Friday, November 4, 2011

I'm a Wellesley Girl: Part I

That's right. I'm a Wellesley girl.

I recently had a short exchange with the Public Conversations Project on Twitter. I had commented on a tweet about the Open Circle Program saying that my brief work with that program was an unexpected and influential agent of change in my doctoral work. They asked me to say more about that influence. I'd be happy to, but in order to do so we need to rewind a few years. The work I did with Open Circle was neither the first or last association I had with Wellesley College, the Wellesley Centers for Women, and the Stone Center.

The 2000-2001 academic year was my second year of doctoral work. I survived through the various vicissitudes of relocating to New England from the Midwest, leaving an already active career in psychotherapy, learning how to be a student, navigating my way through a particularly challenging cohort of doctoral students, finding a mentor and advisor, and completing my first training practicum.

The prior year I got my nose knocked out of joint looking for a practicum. I figured this was going to be easy. I'd earned a masters degree two years prior, worked as a psychotherapist for the two years before starting my doctoral program, and worked for nearly five years before that in a variety of mental health related roles.

I also had never interviewed for something that I wasn't later offered.

You know how this story is going to end, right?

I interviewed at just about every college counseling center that was within a commutable distance. I was turned down for every single one of them! I was horrified, demoralized, and also just plain pissed off. I finally did secure a practicum. It was a good one--in fact it was an excellent one.

I digress.

So I went about my search for my second training practicum in the same arrogant way (tempered, a bit, with the previous years' experience). Of course I'll get a practicum. How could I night, right?

Yes. You know how this is going to turn out. Everyone turned me down again. What the heck?

All wasn't lost. I really had my hopes set on doing my training that year at the Stone Center Counseling Service at Wellesley College. Not a problem at all, right. A man, working at a women's college, in a counseling center staffed by women that had never had a male psychology trainee (or from my knowledge, a male trainee of any sort). This is a wise thing to set my hopes on, right?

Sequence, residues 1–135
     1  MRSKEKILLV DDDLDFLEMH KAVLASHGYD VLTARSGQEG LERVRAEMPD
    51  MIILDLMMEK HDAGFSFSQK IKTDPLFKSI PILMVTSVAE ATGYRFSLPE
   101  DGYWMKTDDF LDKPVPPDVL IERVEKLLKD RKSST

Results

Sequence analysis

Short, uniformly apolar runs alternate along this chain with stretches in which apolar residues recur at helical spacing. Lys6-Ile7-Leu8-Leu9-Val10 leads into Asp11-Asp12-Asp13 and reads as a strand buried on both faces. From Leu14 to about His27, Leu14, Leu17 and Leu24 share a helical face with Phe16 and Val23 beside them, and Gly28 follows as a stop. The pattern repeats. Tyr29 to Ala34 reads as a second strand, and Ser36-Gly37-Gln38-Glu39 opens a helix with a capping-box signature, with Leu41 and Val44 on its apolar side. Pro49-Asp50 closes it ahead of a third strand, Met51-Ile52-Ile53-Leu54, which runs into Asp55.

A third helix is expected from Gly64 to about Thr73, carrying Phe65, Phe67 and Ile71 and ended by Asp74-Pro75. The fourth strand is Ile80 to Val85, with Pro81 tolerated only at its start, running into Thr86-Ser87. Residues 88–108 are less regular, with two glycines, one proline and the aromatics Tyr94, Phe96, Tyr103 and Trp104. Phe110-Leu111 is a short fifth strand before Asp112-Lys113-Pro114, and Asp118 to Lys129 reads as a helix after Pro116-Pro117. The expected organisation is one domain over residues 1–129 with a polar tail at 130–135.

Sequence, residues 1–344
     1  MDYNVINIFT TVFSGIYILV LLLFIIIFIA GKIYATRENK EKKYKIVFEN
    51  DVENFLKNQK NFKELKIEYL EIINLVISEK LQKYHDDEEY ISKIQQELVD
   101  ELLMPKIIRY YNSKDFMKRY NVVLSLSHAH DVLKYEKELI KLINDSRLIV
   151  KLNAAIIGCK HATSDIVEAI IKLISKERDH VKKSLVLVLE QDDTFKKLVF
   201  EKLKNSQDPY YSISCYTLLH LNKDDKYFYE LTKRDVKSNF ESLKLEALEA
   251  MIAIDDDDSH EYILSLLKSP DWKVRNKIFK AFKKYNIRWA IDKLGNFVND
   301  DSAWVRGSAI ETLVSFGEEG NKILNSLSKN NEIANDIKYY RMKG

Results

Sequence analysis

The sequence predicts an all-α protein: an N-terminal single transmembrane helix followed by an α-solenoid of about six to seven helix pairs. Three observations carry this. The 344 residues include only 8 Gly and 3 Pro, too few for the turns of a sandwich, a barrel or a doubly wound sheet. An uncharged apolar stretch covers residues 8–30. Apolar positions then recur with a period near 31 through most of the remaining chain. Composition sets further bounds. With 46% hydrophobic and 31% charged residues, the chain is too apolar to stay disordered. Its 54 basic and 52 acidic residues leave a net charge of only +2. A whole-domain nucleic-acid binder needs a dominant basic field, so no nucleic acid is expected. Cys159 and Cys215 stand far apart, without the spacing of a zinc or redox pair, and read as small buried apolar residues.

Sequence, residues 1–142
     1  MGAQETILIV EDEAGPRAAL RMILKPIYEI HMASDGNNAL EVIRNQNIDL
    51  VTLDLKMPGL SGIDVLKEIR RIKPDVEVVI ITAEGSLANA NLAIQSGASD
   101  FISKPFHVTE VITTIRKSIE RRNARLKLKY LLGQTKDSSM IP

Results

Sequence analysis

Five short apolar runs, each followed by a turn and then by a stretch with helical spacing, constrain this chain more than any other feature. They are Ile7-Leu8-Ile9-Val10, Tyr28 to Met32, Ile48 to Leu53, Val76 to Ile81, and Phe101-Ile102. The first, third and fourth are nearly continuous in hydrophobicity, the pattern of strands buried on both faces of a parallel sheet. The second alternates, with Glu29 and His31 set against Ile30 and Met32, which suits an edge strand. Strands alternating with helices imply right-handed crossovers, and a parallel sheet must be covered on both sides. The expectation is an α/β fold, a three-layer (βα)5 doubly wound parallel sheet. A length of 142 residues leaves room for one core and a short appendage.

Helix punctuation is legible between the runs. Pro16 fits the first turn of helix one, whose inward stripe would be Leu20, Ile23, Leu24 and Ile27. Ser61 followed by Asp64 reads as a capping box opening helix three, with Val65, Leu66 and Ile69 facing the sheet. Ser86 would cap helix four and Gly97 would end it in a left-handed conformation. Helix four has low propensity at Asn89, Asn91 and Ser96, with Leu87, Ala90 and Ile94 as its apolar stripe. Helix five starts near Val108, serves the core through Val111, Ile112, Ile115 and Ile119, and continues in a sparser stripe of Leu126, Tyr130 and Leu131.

Who would have thought they would take me on. They did. My life changed. I was the first male psychology trainee, ever. In my training year another man, Stephen, became the first male social work student trainee, ever. They figured they would put us together so we each could have someone to talk with.

So just exactly what so was special about being a man at Wellesley College? It was subtle, it was profound, and it was totally unanticipated. For the first time in my life I discovered myself completely surrounded by people who were different than me. For the first time in my life I found myself a minority. I was a white man surrounded by a sea of women from around the world.

In that sea I found myself. Peggy McIntosh showed my my invisible knapsack of white male privilege and power and safely helped  me unpack it (really now, could it be all that invisible when there were only two men carrying them around?). Unpacking that knapsack didn't hurt. It was freeing. I found my power and started to learn how to spend it wisely.

In that sea I found my courage. Judy Jordan, who always seems to find a pencil tucked in her pulled up hair, consistently noticed my courage. She showed me that it is an act of courage to sit with every patient. It is an act of courage to pay close attention to everything that happens in a room. It is an act of courage to allow myself to be moved and effected (or is that affected--or both?) by the experience of my patients.

In that sea I found my confidence. Robin Cook Nobles, my supervisor who brought just a little fear into my heart by the sound of her fast paced rustle in the hall way, demanded with her ever-attentive mind that I offer up my best--and never doubted that it was possible.

In that sea I found I found fearlessness. Lisa Desai, my supervisor who showed  me how easy it was to encounter differences of race, faith, gender, or sexuality with my patients and how easily and gently it can be spoken about.

Any mention of my first year as a Wellesley Girl is incomplete without mentioning the endless love and support of Ann and Gail, office assistants, candy-enablers, and confidants. They helped me figure out how not to be so scared of the rustle of Robin coming down the hallway (she's actually not scary at all, promise!). Their collective compassion taught my as much about therapy as my supervisors.

Writing this today I'm discovering this is more of a meditation on gratitude for what was offered so freely to me. I would be remiss if I didn't mention the students. You came into my tiny office and sat down in those ridiculous orange chairs. You let me into your worlds as I learned how to let you into my world as a psychology-trainee. The gifts that I carry most of all from this first year at Wellesley College are those gifts you gave to me. The gifts are many: three come to mind right now. An undocumented person who struggled to make a better life for herself, a survivor who finally found someone would would believe her story, and another student who challenged me to think about what it means to be a woman. Each of these three young women, in their own different ways, showed me that psychology can transform.

So that's part one of being a Wellesley Girl. Come back again later for parts two and three.

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